On the Ropes

Alex Huibsch, Staff Writer

Ever since the beginning of the 21st Century, boxing has declined in popularity in America—but could one fight revolutionize the sport? Boxing fans have waited six years for a super-fight Championship showdown between Floyd Mayweather Jr. and Manny Pacquiao. With both men past their prime years, the fight is expected to yield interesting results. Mayweather, 38, is currently undefeated holding a 47-0 record and six Championship belts. Pacquiao, 36, holds a 57-5-2 record with two setbacks in 2012 and one controversial decision that blemished his overall record. In many opinions, it is the fact that both fighters have slowed down that adds to the fight, however, some also see more in the fight than just a long-awaited super-match.

According to Askmen.com, “boxing has moved away from it’s original formula of the 1960’s and 1970’s, where it would broadcast most of its fights on ABC’s Wide World Of Sports.” Michael Katz, a legendary boxing writer for The New York Times and New York Daily News, also weighed in on the decline of the sport saying, “It’s hard to have a star when the sport is almost completely neglected by newspapers, radio and television.” In all angles, the showdown will draw in large crowds, profit big bucks, and will stir publicity and drama for the two fighters.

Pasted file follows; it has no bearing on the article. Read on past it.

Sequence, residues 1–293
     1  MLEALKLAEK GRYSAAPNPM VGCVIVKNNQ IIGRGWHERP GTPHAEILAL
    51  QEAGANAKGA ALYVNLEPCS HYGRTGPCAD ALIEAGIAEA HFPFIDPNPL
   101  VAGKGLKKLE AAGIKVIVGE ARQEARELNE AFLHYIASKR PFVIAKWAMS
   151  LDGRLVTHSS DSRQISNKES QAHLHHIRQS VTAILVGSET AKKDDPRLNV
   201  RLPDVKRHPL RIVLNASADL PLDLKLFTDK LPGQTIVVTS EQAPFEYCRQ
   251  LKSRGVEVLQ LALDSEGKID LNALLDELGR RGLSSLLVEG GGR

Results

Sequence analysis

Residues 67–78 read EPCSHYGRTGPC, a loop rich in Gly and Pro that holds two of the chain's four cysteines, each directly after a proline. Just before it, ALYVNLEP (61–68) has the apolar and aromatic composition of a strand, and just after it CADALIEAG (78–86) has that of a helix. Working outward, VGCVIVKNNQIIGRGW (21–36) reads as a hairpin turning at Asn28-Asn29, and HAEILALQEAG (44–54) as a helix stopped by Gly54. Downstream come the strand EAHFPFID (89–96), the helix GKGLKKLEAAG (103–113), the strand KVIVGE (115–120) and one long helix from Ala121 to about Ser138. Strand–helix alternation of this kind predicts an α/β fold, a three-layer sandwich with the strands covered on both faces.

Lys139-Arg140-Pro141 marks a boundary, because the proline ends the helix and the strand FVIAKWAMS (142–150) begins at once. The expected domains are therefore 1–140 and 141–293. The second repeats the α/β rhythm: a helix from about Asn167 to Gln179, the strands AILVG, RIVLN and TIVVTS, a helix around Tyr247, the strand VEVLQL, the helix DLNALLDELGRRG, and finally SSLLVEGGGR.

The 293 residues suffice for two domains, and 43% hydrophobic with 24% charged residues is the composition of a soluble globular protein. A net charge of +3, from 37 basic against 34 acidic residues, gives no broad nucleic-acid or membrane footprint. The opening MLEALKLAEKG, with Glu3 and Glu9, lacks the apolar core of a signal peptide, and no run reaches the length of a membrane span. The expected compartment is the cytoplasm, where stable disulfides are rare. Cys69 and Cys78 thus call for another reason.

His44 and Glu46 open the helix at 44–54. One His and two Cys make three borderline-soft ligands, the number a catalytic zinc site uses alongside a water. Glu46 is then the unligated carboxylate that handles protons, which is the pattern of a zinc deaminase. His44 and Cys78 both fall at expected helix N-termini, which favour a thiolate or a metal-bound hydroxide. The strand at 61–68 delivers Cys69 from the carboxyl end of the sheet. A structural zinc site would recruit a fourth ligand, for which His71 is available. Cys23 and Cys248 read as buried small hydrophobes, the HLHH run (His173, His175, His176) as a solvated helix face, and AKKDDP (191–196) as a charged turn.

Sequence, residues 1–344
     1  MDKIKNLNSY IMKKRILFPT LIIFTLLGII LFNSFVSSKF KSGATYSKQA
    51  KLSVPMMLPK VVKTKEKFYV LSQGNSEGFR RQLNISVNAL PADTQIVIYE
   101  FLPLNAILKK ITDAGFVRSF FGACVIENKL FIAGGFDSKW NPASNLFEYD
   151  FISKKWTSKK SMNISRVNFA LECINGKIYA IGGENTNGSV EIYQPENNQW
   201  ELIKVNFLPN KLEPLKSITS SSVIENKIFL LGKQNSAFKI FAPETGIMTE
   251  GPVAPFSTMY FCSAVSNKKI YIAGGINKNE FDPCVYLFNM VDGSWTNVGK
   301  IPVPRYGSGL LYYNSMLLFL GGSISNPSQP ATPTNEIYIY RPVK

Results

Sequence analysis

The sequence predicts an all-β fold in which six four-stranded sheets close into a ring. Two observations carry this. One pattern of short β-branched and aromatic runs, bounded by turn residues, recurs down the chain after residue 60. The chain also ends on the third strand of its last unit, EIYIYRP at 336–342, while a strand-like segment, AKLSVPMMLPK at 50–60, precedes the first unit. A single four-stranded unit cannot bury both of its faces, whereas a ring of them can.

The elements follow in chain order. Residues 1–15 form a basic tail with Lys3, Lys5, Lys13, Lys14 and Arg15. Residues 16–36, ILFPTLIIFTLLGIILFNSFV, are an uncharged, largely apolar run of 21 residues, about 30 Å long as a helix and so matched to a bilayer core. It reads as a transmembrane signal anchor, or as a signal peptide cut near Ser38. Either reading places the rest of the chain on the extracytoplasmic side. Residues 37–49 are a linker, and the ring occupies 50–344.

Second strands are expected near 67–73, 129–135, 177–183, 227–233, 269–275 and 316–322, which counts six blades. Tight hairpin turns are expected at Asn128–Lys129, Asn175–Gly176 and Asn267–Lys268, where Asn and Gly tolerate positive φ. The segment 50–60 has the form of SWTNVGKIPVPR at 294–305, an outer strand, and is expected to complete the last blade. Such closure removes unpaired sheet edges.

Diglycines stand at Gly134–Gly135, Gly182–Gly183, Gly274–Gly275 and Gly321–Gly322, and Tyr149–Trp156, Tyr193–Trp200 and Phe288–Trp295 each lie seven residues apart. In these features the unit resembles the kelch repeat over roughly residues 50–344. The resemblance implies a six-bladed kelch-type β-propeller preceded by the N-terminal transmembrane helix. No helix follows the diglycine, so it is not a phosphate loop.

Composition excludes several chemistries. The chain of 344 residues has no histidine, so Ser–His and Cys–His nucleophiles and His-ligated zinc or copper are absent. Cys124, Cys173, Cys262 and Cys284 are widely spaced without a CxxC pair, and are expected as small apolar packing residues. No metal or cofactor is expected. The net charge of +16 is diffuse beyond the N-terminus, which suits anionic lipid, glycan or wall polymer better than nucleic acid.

Unfortunately, the hooking spectacle that is sure to come will not ultimately save the sport in the long run. The evidence of this can be traced back to 2007, when the fight between Mayweather and Oscar De La Hoya was certain to “save” the publicity of the sport. Conclusively, the fight itself in 2007 generated a whopping sum of 2.5 million pay-per view buys, but soon after, boxing viewings declined again. That being said, the sport’s best option in 2015 is to carry out the fight between Mayweather and Pacquiao, which could generate possible $100-a-pop pay-per view orders around the world.

Overall, with the sport being on the decline in America, options in favor of boxing still weigh popularly across the globe in Latin America, Asia, and many other poverty stricken nations. Moreover, the upcoming prizefight is long overdue and will be a testament of appreciation among all boxing fans and those who appreciate the sport. Set to face-off on May 2 at the MGM Grand in Las Vegas, both fighters will hope to pay-off their hard work with one leaving as the greatest boxer in history. Whether the fight will do wonders for the sport itself—only time will tell.